SPECIAL EDITION: Virginia 2021 General Assembly Legislative Session
The Virginia General Assembly is now in session and scheduled to adjourn February 27. Many bills and budget amendments are under consideration that will assist refugees and other recent immigrants who are making Virginia their home.
Provided is a list of the most relevant proposals for the refugee and immigrant communities, organized by policy area. They include the name of the chief sponsor of and links to the bill or budget amendment. TSOS supports public involvement in helping to shape more equitable policies and we invite you to stay updated and contact your representatives for those issues that you feel strongly about. Contact links shared below.
Immigration & Refugee Assistance
- Improving Access to Services and Employment
- HB1800 Item 355 #1h: Del. Tran- Requests $7.5 million for translation services within Dept. of Social Services to improve access to local resources for VA immigrants, and for the Office of New Americans to issue competitive grants to community and faith-based organizations that serve VA immigrants
- HB1800 Item 52 #5h: Del. Tran- Refugee Workforce Study of how Virginia can help refugees fully participate in our workforce and lower barriers to employment.
- HB1800 Item 52 #4h: Del, Tran- Language Access Workgroup to develop recommendations on how to improve language access across state agencies
- Paid Sick Days for Essential Workers – Establish a standard of 5 paid sick days for full-time “essential” employees in Virginia
- HB 2137– Delegate Elizabeth Guzman
- Prenatal Care for All Mothers – Two companion budget amendments to extend Medicaid/FAMIS MOMS prenatal care to undocumented women who meet all other non-immigration eligibility criteria
- HB 1800 Item 313 #16h (Medicaid program cost decrease) – Delegate Elizabeth Guzman
- HB 1800 Item 312 #1h (FAMIS program revenue increase) – Delegate Elizabeth Guzman
- SB 1100 Item 312 #1s – Senator Jennifer McClellan
- SB 1387: Sen. Boysko & HB 2123: Del. Lopez- Makes all in-state tuition eligible students eligible for financial aid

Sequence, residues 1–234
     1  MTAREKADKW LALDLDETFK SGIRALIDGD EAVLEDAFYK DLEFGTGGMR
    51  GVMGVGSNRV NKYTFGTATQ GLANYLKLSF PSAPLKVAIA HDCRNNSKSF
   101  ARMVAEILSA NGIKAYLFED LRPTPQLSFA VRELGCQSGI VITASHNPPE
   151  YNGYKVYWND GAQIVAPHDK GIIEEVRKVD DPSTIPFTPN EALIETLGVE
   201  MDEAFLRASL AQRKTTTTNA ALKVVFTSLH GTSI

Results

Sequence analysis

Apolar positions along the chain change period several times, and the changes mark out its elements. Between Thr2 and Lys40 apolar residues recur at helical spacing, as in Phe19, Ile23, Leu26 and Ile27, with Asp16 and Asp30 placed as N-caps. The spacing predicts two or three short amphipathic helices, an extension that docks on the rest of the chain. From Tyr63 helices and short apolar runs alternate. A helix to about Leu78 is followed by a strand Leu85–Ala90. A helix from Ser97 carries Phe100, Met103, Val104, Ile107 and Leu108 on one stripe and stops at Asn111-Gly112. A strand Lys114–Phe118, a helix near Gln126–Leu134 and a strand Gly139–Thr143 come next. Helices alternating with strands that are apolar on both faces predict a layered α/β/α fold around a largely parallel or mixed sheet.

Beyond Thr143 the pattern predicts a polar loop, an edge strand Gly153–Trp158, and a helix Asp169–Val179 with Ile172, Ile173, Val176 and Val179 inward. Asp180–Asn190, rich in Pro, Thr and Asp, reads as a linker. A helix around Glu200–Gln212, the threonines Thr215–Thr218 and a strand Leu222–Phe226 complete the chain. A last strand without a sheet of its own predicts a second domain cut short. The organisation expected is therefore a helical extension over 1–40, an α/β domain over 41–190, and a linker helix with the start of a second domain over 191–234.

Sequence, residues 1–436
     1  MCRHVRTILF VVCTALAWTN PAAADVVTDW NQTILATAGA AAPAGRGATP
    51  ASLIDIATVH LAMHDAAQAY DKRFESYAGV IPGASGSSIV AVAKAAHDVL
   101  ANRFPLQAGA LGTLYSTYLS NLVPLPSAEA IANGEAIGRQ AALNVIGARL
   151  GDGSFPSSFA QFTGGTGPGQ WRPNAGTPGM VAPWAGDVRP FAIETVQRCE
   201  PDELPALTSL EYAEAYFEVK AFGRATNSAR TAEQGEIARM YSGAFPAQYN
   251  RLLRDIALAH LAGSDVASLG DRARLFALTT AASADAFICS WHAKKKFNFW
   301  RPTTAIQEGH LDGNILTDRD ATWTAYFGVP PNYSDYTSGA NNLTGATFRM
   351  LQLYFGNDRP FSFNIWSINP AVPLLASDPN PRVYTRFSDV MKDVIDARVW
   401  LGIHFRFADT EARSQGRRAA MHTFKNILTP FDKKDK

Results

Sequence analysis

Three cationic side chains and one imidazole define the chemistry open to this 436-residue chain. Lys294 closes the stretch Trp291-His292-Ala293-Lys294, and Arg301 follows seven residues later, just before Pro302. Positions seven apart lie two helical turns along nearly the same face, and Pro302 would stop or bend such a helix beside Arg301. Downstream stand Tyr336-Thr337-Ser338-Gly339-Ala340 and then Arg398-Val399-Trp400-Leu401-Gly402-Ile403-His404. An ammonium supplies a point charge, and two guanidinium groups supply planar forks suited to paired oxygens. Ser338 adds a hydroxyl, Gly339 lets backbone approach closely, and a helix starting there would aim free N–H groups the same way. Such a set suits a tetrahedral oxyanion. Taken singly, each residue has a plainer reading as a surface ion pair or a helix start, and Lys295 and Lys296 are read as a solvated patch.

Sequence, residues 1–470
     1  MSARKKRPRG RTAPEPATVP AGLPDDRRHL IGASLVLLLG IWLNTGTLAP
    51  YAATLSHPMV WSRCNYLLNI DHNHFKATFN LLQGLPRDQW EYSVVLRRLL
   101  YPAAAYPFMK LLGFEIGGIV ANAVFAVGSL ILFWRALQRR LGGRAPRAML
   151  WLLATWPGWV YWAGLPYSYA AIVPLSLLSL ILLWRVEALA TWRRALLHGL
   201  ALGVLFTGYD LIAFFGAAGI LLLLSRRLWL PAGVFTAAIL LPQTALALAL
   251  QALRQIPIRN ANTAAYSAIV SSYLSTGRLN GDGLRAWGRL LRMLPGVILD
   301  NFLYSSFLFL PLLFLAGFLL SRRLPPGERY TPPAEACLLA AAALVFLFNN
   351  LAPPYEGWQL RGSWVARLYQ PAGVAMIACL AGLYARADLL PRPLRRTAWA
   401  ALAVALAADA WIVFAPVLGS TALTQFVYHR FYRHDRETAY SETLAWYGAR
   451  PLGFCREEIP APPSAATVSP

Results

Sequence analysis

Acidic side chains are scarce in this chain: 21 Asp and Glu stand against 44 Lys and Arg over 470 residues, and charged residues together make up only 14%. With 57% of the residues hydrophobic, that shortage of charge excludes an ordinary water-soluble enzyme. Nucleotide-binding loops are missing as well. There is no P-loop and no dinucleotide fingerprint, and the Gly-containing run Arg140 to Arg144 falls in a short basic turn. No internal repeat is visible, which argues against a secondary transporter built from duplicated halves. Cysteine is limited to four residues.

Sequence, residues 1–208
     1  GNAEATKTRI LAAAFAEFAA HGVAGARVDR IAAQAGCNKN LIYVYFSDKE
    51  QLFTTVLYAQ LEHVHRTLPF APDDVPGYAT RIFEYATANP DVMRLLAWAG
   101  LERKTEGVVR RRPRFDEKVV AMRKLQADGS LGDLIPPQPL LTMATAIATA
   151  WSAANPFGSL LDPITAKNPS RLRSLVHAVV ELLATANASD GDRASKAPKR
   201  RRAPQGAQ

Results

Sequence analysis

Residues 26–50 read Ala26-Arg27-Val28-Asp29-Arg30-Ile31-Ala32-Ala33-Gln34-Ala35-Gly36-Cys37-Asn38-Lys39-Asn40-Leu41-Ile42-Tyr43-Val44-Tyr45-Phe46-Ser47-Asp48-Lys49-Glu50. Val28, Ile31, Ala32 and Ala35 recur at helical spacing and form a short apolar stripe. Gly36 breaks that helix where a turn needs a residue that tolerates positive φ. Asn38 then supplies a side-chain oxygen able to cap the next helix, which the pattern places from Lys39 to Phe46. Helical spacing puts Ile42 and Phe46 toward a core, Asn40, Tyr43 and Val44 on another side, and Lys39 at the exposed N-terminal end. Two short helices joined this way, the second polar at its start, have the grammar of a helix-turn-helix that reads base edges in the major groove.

- HB 2138: Del. Guzman- Creates non-driver ID cards for immigrants in Virginia
- HB 2163: Del. Tran- Increases data protection for Drivers Privilege Cardholders
The following legislative proposals are aimed at helping broader groups of Virginians, but will also benefit immigrant and refugee communities.
Farm Worker Justice
- Access to the Minimum Wage– many farmworkers in Virginia are not subject to federal or state minimum wage laws leading to some to be paid under $5/hour.
- HB 1786– Delegate Jeion Ward
- Heat Stress– Create standards for outdoor workers including water breaks and shade access on extremely hot days
- HB 1785– Delegate Jeion Ward; SB 1358– Senator Ghazala Hashmi
- HB 2124: Del. Lopez- Deems COVID Vaccine, Testing, & Treatment to be Emergency Services
- HJ 537: Del. Aird- Recognizes that racism is a public health crisis
- HB 2037: Del. Tran- Allows unemployed Virginians to keep their unemployment benefits and not have to return to work if they have a COVID-19 diagnosis, are caring for a family member with COVID-19, or believe their workplace is not complying with Virginia’s COVID-19 workplace safety standards.
Housing Justice & Eviction Protection
- HB 2014: Del. Price- Expand right of redemption and improve notice to tenants
- HB 1889: Del. Price- Gives families time to pay rent and stay housed
- HB 1900: Del. Hudson; SB 1215: Sen. Ebbin- Stops unlawful evictions
- HB 1981: Del. Carr- Protect vulnerable tenants during a pandemic
- HB 1814: Del. Krizek- Garnishment of Wages protection, updated calculation
- HB 1864: Del. Price- Adds Domestic Workers to Virginia Human Rights Act
- HB 2032: Del. Gooditis & SB 1310: Sen. McClellan- Provides employee protections for domestic workers
- HB 2063: Del. Mullin- Overtime wage compensation requirement
Take Action - Now Is the Time! We encourage everyone to contact their State Senator and State Delegate to ask their support for the bills about which you feel most strongly. You can find your elected officials and their contact information at whosmy.virginiageneralassembly.gov.
Imagine being a skilled professional–a doctor even–respected in your field. And then war erupts, displacing you from your home, your family, your livelihood, your identity. When such a physician arrives in the United States, their credentials and expertise are erased and they must study for, and pass three United States Medical Licensure Exams (USMLEs), each of which involves fees and lengthy study programs. In addition, they must complete a residency program which are extremely competitive. Given the low-income, high-living expense lifestyles refugee doctors face upon arrival, these are steep barriers to overcome. TSOS is working to make these obstacles surmountable.
On June 24, 2023, TSOS had the opportunity to join with NoVA Friends of Refugees and other organizations at the One Journey Festival, a celebration of unity, diversity, and refugee contributions and talent. It was so fun.
When describing the work I do here at TSOS, I often say, we try to help people “step into each other’s stories.” Lately, I’ve been doing more of that myself.